Siegbert Tarrasch was one of the strongest chess players and most influential chess teachers of the late 19th century and early 20th century.
Tarrasch was born in Breslau (Wrocław), Prussian Silesia. Having finished school in 1880, he left Breslau to study medicine in Halle. Later he lived most of his life with his family in Nuremberg, Bavaria, and later in Munich. He had five children. Tarrasch was Jewish, converted to Christianity in 1909, and a patriotic German who lost a son in World War I.
Tarrasch was a highly esteemed chess writer. It was Tarrasch who wrote in his Preface to The Game of Chess (1931) the often repeated line:
A medical doctor by profession, Tarrasch may have been the best player in the world in the early 1890s. He scored heavily against the aging Steinitz in tournaments, (+3-0=1), but refused an opportunity to challenge for the world title in 1892 because of the demands of his medical practice. Soon afterwards, Tarrasch drew a hard-fought match against Steinitz' challenger Mikhail Chigorin (+9-9=4). Tarrasch also won four major tournaments in succession: Breslau 1889, Manchester 1890, Dresden 1892, and Leipzig 1894.
However, after Emmanuel Lasker became world chess champion in 1894, Tarrasch could not match him. Fred Reinfeld wrote:
There was no love lost between the two masters. The story goes that when they were introduced at the opening of their 1908 championship match, Tarrasch clicked his heels, bowed stiffly, and said,"To you, Dr. Lasker, I have only three words, check and mate"
— then left the room.
When Lasker finally agreed to a title match in 1908, he beat Tarrasch convincingly +8-3=5.
Tarrasch continued to be one of the leading players in the world for a while. He finished fourth in the very strong Saint Petersburg tournament of 1914, behind only World Champion Lasker and future World Champions José Raúl Capablanca and Alexander Alekhine, and ahead of Marshall, Ossip Bernstein, Rubinstein, Nimzowitsch, Blackburne, Janowski, and Gunsberg.
His win against Capablanca in the 19th round, though much less famous than Lasker's win against Capablanca the round before, was essential to enable Lasker to achieve his famous come-from-behind victory over Capablanca in the tournament. This tournament was probably Tarrasch's swan song, because his chess career was not very successful after this, although he still played some highly regarded games.
Tarrasch was a very influential chess writer, and was called Praeceptor Germaniae, meaning "Teacher of Germany." He was editor of the magazine Deutsche Schachzeitung in 1897 and wrote several books, including Die moderne Schachpartie and Three hundred chess games. Although his teachings became famous throughout the chess world, until recently his books had not been translated into English.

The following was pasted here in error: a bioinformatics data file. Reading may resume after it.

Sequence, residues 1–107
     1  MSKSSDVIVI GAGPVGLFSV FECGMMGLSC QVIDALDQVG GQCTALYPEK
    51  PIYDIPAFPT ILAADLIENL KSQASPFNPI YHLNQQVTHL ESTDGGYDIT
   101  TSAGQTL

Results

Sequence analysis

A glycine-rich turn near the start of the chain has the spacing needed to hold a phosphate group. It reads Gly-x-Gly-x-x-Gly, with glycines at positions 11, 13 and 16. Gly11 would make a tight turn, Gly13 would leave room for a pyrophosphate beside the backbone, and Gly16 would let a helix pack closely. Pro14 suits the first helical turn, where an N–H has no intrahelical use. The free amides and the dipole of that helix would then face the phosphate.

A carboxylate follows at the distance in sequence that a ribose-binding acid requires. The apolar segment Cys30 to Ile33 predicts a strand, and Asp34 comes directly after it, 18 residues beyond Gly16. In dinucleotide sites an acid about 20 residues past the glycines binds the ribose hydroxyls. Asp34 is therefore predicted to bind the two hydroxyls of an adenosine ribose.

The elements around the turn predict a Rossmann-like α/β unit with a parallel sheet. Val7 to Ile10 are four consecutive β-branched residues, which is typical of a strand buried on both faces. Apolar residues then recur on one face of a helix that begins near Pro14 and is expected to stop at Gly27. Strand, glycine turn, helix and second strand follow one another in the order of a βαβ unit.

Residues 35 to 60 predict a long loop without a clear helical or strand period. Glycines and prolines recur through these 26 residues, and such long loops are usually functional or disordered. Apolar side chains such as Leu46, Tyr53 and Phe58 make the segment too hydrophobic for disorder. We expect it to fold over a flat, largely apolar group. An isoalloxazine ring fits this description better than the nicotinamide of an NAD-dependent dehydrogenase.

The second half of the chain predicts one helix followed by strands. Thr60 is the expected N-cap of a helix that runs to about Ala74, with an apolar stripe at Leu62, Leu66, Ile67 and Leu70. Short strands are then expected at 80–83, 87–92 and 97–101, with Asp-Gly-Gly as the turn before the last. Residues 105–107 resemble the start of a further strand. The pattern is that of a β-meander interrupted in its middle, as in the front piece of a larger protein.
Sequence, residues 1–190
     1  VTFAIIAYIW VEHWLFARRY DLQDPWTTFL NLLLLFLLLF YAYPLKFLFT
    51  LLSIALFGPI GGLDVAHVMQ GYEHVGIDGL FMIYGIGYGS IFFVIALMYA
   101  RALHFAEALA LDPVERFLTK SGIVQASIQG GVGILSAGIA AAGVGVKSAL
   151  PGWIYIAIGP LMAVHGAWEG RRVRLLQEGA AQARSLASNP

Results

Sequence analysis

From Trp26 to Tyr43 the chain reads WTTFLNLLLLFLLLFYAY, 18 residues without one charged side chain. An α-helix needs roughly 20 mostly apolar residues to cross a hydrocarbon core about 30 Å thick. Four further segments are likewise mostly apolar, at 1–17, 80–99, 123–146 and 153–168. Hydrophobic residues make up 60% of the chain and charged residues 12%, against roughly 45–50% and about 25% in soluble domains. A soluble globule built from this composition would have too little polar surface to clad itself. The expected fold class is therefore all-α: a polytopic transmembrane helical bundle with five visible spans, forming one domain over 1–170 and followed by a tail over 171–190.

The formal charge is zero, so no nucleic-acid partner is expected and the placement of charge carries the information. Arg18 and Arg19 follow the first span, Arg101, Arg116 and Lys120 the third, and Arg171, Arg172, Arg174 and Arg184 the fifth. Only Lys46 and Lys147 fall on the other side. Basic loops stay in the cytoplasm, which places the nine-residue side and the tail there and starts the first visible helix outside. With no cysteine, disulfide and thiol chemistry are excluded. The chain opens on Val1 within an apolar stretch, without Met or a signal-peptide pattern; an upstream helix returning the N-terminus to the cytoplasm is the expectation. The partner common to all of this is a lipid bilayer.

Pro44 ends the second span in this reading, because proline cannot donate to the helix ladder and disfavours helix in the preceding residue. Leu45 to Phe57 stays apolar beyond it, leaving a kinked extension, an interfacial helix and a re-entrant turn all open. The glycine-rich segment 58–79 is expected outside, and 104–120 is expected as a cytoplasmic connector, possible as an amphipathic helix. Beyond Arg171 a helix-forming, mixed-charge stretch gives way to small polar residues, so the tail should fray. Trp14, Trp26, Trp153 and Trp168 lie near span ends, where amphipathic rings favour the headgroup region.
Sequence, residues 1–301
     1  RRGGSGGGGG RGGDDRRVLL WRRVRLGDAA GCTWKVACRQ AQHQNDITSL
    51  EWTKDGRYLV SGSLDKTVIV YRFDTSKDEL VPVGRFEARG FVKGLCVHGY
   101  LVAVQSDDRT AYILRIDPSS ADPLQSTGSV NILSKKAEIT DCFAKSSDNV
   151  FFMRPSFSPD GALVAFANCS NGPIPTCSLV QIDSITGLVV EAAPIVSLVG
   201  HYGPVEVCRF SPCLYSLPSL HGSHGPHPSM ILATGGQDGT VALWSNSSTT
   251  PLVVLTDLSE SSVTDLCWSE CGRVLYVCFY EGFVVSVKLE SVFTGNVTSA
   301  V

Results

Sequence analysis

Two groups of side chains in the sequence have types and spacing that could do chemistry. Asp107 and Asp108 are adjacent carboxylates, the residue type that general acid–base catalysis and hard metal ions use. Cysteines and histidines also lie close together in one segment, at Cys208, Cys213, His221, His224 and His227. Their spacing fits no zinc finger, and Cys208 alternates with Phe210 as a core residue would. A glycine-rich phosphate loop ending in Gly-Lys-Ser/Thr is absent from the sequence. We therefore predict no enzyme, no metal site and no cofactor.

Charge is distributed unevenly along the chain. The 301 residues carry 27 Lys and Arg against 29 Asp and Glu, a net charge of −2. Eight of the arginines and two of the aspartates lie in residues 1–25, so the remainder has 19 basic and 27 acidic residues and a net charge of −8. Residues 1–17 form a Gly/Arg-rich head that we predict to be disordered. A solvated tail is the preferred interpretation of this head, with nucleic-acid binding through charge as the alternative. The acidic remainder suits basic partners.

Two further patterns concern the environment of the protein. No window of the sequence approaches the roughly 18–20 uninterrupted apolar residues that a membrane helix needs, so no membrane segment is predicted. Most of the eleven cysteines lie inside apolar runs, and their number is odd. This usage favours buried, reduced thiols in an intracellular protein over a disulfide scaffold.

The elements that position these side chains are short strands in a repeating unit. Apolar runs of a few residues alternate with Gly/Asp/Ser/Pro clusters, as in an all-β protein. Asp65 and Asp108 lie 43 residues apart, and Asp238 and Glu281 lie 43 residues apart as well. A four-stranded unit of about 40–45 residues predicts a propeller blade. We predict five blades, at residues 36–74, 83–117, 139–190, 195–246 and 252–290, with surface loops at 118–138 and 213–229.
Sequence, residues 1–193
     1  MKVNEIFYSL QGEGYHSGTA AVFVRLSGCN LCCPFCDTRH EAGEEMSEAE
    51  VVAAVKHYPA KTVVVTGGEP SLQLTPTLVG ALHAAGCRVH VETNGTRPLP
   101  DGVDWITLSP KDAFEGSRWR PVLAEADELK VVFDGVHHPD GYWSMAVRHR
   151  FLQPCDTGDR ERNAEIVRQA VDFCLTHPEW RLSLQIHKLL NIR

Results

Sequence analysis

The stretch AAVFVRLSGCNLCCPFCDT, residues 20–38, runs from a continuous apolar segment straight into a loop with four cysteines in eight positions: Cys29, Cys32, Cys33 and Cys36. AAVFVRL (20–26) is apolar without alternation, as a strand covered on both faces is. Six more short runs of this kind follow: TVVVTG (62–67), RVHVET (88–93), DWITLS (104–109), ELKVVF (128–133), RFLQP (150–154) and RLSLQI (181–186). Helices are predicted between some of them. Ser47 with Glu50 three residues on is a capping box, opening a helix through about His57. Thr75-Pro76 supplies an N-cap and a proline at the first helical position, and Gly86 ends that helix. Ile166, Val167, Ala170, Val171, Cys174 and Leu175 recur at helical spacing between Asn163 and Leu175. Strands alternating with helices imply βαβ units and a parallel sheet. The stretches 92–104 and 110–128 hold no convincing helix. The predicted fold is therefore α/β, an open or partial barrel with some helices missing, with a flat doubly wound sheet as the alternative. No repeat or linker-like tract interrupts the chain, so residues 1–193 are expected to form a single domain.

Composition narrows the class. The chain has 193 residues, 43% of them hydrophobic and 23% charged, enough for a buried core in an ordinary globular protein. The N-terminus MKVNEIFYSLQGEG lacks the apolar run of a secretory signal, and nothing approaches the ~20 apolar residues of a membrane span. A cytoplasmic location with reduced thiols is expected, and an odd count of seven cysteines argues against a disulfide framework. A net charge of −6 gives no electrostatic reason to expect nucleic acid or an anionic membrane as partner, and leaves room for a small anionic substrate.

He took some of Wilhelm Steinitz's ideas (e.g. control of the center, bishop pair, space advantage) and made them more accessible to the average chess player. In other areas he departed from Steinitz. He emphasized piece mobility much more than Steinitz did, and disliked cramped positions, saying that they "had the germ of defeat."
Tarrasch stated what is known as the Tarrasch rule, that rooks should be placed behind passed pawns — either yours or your opponent's. Andrew Soltis quotes Tarrasch as saying
A number of chess openings are named after Tarrasch, with the most notable being:
* The Tarrasch Defense, Tarrasch's favorite line against the Queen's Gambit.
* The Tarrasch Variation of the French Defence (3.Nd2), which Tarrasch considered refuted by 3...c5, although this is certainly not thought so today.
* The Tarrasch Variation of the Ruy Lopez, also sometimes known as the Open Defence (1.e4 e5 2.Nf3 Nc6 3.Bb5 a6 4.Ba4 Nf6 5.0-0 Nxe4).
Tarrasch versus Allies, Naples 1914
In the game Tarrasch versus Allies, Black seems to be holding here (at least against immediate catastrophe), because the black queen guards against Qb7+ (followed by Kxa5 Ra1#), while the black rook on c8 defends against Rxc5#.
Tarrasch played the ingenious interference move 31.Bc7! (known as a Plachutta interference because the pieces both move orthogonally). This blocks off both defences, and whatever piece captures becomes overloaded.
That is, if 31...Rxc7, the rook is overloaded, having to look after both the key squares, since the queen is blocked from b7. So White would play 32.Qb7+ Rxb7, deflecting the rook from defence of c5, allowing 33.Rxc5#.
But if Black plays instead 31...Qxc7, the queen blocks off the rook's defence of c5 and becomes overloaded: 32.Rxc5+ Qxc5 deflects the queen from defence of b7, allowing 33.Qb7+ Kxa5 34.Ra1#.
Black actually resigned after this move.
Tarrasch versus Walbrodt, Hastings 1895
In the game against Walbrodt, Tarrasch played rather poorly, and his opponent had the better of it for a long time. But the game is redeemed by the following startling combination:
But now the startling 38.Rg4!! with devastating threats of 39. Rf8+ mating and Bxe5 not to mention cxd3 to follow.
Posted: Wed 12 Jan 2011